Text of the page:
We are sharing articles and advertisements that were printed by The Clovis Tribune on Thursday, July 12, 1928. H.E. Armstrong (1861-1938) was editor and publisher from 1911 until his death. The subscription price was $1.50 per year.
Two editorial statements on the front page: “Let us maintain our independence at any cost” and “A clean paper for clean people.”
Clovis was a city of approximately 1,300 and was served by two newspapers. The Clovis Independent was founded in 1919 by Spurgeon and May Case. The paper was sold in 1934. May remained a reporter until her death in 1967. The Tribune merged with the Independent and was purchased by McClatchy Newspapers in 1979. They suspended publication in June 20, 2008.
A major 1928 story: “Western Pacific (which was formed in 1903 to break the monopoly of Southern Pacific) comes to the Valley. Another through line to the east will prove of great benefit to shippers and people of the valley.”
“Don’t Take Risks in Your Auto: Drive moderately, watch the road and play safe at all times. Drive as though you appreciate the value of your own life, the lives of those with you and the lives of others who have to use the same road.”
“Over the Grade: Arthur Sellers and Coley Wamsley were motoring up Tollhouse grade on Saturday night, when on the Grapevine curve, the steering apparatus broke and Arthur saw the car was leaving the grade. He called to Wamsley to jump, which he did, getting out before it went over. Sellers went with the car which turned over once throwing him out. Neither of the boys was hurt, the auto was badly damaged.”
“Bobbed Hair Passing: A well informed barber states that at least 50 per sent of bobbed hair enthusiasts have returned to the beautiful long tresses which men love and poets rave about. He thought that the frequent cutting of the hair on the back of the head and neck had caused the hair to lose its soft silky texture.”
“Water Table Falling: The water table is gradually dropping down, quite a number of ranchers have complained of shortage of water to supply their irrigation pumps.”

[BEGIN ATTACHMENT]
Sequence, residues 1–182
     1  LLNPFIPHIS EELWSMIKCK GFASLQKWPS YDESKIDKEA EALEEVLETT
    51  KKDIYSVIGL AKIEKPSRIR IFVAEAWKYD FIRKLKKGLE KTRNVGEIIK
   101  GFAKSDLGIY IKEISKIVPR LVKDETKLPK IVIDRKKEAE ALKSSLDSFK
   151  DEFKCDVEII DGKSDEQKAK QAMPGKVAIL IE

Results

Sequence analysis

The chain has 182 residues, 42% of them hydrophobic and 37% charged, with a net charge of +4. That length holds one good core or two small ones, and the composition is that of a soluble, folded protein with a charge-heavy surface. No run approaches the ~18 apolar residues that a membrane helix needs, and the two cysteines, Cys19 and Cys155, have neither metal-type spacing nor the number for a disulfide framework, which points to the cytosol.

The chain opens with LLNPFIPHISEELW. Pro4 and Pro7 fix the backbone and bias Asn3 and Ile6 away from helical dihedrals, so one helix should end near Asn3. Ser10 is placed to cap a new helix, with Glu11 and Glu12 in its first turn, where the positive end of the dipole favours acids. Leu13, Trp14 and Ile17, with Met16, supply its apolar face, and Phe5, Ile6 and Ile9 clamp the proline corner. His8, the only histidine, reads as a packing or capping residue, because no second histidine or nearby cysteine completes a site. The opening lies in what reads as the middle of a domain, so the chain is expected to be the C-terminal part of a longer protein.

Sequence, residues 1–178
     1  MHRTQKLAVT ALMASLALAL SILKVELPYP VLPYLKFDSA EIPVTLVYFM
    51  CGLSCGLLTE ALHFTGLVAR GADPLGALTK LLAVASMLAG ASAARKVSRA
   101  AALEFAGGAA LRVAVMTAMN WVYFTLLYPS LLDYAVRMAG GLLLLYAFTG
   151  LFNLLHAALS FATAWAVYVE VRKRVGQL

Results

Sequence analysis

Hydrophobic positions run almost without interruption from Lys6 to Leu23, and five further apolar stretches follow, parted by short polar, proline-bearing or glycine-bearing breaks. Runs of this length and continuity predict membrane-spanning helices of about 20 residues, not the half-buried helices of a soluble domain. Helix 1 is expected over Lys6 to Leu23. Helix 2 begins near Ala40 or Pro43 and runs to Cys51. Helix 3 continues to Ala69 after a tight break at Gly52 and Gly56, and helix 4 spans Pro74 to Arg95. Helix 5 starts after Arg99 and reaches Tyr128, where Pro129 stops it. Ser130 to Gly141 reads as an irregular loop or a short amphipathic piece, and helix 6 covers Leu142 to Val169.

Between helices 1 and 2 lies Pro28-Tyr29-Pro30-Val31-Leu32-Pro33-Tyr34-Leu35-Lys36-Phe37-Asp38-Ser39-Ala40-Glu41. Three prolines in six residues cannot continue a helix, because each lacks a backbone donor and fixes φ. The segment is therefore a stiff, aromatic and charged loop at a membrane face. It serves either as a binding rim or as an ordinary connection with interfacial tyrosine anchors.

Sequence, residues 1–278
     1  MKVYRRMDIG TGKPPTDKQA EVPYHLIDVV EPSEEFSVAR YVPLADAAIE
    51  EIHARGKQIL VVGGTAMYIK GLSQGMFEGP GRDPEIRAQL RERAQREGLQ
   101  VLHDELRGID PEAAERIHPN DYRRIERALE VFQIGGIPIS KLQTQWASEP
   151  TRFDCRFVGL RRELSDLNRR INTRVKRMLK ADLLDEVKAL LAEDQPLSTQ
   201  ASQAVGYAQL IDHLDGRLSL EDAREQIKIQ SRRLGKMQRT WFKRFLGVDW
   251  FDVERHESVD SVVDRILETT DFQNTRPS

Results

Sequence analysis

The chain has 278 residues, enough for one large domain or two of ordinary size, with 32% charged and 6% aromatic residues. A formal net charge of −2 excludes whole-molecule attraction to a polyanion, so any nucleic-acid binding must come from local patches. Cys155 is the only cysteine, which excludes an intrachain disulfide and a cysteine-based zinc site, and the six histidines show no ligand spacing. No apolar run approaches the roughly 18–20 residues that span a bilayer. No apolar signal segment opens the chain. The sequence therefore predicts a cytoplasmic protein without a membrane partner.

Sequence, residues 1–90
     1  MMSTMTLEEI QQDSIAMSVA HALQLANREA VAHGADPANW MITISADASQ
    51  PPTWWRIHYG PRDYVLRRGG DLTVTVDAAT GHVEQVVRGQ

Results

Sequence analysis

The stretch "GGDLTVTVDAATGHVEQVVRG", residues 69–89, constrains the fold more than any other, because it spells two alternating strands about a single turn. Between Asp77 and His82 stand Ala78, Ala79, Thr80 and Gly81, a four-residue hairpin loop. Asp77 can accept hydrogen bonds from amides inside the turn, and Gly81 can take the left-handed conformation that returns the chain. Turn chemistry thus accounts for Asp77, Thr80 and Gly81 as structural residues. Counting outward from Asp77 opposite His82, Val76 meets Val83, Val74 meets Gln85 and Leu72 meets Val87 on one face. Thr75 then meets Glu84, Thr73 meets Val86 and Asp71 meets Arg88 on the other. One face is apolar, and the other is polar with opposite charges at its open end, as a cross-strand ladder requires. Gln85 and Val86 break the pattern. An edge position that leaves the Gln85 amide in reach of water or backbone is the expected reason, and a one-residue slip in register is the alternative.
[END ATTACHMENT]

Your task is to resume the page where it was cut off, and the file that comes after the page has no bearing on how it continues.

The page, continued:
“Bankers Provide Student Loans: American Bankers Association completes plan to award 167 college economic scholarships throughout nation. Students in Agricultural Economics will be helped in farm states. The loans will also facilitate their entry into business life.”
Over 20 Clovis family activities were publicized i.e. vacations to Santa Cruz, Bass Lake and Shaver Lake, operations performed at the McMurtry Hospital, William Welborn closed his blacksmith shop for the summer and Joe Miller informed readers that his blacksmith shop was open, and that Ira L. Oldenburg was helping him.
Eight Christian churches published their church services.
A. Sassano was located on Fulton Street (just south of Bobby Salazar’s), next to the Stage Office.
Max H. Yancey provided a complete line of auto oil, gasoline and auto supplies at Tollhouse.
Clovis Concrete Pipe guaranteed machine made pipe at the yards on S.P. Reservation.
Superior Granite Company Inc, Granite Spawls, for use in road making or for general building purposes, $1.50 per team load. Granite dust for scratch chicken feed and many purposes.
Isaac Eddy provided shoe and harness repairing on Pollasky Ave.
Oat and Barley Hay, $12.50 per ton by W.W. Behymer at Nees Colony.
Fresno-Clovis Stage Line, Clovis on Sunnyside to Fresno on Blackstone: $2.50 for five school days and six round trips for $4.00.
Southern Pacific Railroad vacations (round trip 16-day limit): San Francisco, $10.00, Los Angeles, 14.25, Santa Cruz $11.50, Vancouver, B.C. $62.25.
“Dressing an Ideal by Woman’s Home Companion. The average woman has a false picture of herself and too often she tries to dress like this picture.”
The Clovis year of 1928 remains a part of our rich heritage.